For those of you who might have forgotten, let’s go over the rules of Centurion. The object of the game is for every minute, for 100 minutes, drink a shot of beer. It doesn’t sound like a lot, but after completing the challenge you’ll have had 3 liters of beer (or about eight and a half 12 oz cans) in just under two hours. When [Peter] played Centurion, he found the biggest problem was – understandably – keeping track of the time and who drank what. For an upcoming weekend of drinking, [Peter] decided to solve this problem once and for all with shift registers and seven-segment displays.
[Peter]’s Centurion score box comes in two parts. The first and largest part of the build is the main board housing an ATMega8 microcontroller and a huge two digit seven-segment display to keep track of the countdown until the next shot. Two other boards house eight additional two digit seven-segment displays for each player, incremented every time a player presses a giant arcade button.
The entire build is designed around a small travel case that also holds a large battery for cordless drinking parties. Let’s just hope the project is reasonably water-resistant; we can see a lot of spills happening in the future. Check out the video demo below.
Continue reading “Drinking games and digital logic”
Sure, it’s time to get the countdown clocks ready to ring in the new year, but why limit it to just one night? If you end up building a six-foot digital display you can count down trivial events; like the remaining seconds of freedom before you have to pimp yourself out in that drab cubicle.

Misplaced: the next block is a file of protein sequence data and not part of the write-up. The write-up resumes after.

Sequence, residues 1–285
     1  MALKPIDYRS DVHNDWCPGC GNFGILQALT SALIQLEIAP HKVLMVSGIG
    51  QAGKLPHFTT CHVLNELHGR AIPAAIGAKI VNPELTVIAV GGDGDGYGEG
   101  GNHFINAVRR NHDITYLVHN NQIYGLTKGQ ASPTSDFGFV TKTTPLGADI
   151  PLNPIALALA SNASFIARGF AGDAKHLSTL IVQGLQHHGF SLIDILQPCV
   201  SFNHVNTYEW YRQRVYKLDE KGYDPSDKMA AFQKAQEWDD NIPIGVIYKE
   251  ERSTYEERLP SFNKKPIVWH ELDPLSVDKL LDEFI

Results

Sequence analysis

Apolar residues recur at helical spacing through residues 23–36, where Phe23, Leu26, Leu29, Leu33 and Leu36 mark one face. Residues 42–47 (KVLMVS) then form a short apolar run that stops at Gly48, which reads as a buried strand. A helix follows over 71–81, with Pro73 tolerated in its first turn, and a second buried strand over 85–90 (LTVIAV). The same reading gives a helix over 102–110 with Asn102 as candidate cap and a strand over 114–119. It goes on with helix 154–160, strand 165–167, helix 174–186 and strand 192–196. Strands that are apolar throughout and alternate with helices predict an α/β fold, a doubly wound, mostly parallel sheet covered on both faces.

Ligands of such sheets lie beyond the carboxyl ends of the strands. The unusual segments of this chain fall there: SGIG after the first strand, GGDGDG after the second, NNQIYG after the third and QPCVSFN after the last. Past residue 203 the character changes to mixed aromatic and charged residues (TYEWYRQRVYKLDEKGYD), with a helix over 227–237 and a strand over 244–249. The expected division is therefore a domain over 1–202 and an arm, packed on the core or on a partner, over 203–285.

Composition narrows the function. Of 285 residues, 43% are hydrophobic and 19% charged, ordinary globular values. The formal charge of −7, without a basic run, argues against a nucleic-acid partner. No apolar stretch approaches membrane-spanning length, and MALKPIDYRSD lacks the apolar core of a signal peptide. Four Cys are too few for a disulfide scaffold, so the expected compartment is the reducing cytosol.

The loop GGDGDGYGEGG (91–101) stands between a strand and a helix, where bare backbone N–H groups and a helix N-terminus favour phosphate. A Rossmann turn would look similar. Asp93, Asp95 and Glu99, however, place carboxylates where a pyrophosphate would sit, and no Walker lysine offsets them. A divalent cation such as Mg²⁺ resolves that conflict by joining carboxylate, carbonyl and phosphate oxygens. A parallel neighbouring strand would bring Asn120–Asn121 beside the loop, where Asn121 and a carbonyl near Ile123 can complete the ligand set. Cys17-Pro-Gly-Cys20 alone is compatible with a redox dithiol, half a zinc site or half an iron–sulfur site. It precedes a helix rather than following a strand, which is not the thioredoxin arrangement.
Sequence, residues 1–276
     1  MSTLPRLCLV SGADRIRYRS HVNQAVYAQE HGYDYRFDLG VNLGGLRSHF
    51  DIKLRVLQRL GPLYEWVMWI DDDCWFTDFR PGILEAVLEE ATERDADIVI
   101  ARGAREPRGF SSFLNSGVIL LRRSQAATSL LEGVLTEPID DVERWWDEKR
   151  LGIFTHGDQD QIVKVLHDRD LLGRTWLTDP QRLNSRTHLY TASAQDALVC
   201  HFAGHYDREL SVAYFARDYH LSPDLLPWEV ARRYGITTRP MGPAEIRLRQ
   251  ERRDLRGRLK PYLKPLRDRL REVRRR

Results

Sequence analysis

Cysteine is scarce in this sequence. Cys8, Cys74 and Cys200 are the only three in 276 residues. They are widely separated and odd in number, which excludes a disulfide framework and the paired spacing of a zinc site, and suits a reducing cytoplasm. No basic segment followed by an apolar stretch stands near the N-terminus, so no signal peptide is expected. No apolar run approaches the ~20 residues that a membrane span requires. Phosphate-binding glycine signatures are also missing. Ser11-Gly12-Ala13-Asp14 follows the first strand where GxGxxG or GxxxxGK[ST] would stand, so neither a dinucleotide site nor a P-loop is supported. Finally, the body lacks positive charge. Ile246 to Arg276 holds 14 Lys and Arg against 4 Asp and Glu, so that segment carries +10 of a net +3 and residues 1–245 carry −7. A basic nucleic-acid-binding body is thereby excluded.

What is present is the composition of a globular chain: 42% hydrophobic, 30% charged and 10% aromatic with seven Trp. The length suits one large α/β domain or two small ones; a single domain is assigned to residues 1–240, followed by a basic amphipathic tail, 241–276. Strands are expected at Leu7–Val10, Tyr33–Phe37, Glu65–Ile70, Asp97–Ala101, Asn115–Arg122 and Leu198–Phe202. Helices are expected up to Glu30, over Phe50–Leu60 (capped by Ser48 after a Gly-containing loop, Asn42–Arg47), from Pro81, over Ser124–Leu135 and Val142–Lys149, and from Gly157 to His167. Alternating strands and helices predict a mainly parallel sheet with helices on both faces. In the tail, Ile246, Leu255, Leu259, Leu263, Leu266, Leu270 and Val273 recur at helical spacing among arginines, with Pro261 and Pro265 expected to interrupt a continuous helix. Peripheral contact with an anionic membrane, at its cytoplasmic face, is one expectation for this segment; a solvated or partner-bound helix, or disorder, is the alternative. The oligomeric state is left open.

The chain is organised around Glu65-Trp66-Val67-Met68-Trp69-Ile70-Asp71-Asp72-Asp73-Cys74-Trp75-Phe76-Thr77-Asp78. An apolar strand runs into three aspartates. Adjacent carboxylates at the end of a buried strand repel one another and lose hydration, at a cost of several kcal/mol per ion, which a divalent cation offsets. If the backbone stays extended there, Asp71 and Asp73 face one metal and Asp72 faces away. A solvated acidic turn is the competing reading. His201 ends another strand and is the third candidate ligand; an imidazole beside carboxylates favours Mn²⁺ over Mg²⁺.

This seven-segment display is homemade and boasts six full-sized digits and two smaller digits with each pair separated by colons. You have probably already guessed that the construction was greatly simplified by using LED strips rather than individual components. This is part of the reason for the size of the display. The strips can be cut, but only down to a minimum of 3 LEDs per segment. That explains the small digits, with their larger siblings doubled in size. But there is a benefit to this constraint, it means that current limiting is already taken care of for you.
The main assembly is a wooden frame surrounding two polycarbonate sheets. The LED strips are sandwiched between those sheets, with segment and digit driver buses exiting a one point on the side. The build doesn’t detail a driver for the display but it shouldn’t be hard to find a multiplexing example that will serve the purpose.
Here’s an IC logic project that displays 24-hour time. Planning was the name of the game for this project. [Mattosx] took the time to layout his design as a PCB in order to avoid the wiring nightmare when build with point-to-point connections.
Much of the complexity is caused by the display itself. Each of the six digits has its own binary-coded decimal chip and array of discrete resistors. Timekeeping is handled by six decade counters, two divider chips, one AND gate chip, and one OR gate chip. He chose a SOIC crystal oscillator chip as the clock signal. We’re more partial to the idea of using mains voltage as the clock signal.
[Mattosx] posted the board artwork if you’d like to etch your own 5″x8″ PCB. Just make sure you read through all of his notes as not all of the chips are oriented in the same direction.
[Raphael Abrams] does a lot of freelance work, but he has trouble accurately keeping track of the hours he has put in for his clients. After trying various applications and methods of logging his time, he finally decided to build a device that worked just the way he liked.
He calls his device the “Freelance Puncher”, though it already has been nicknamed the detonator, as it looks like something you would find in the hands of a [James Bond] villain. The device uses a PIC16LF1827 to track the time, saving his logged hours to the built-in EEPROM when powered off. A pair of 7-segment displays are used to display the accumulated hours upon power-on, and a set of seven SMT LEDs separated into two banks keep track of quarter and hundreds of hours worked.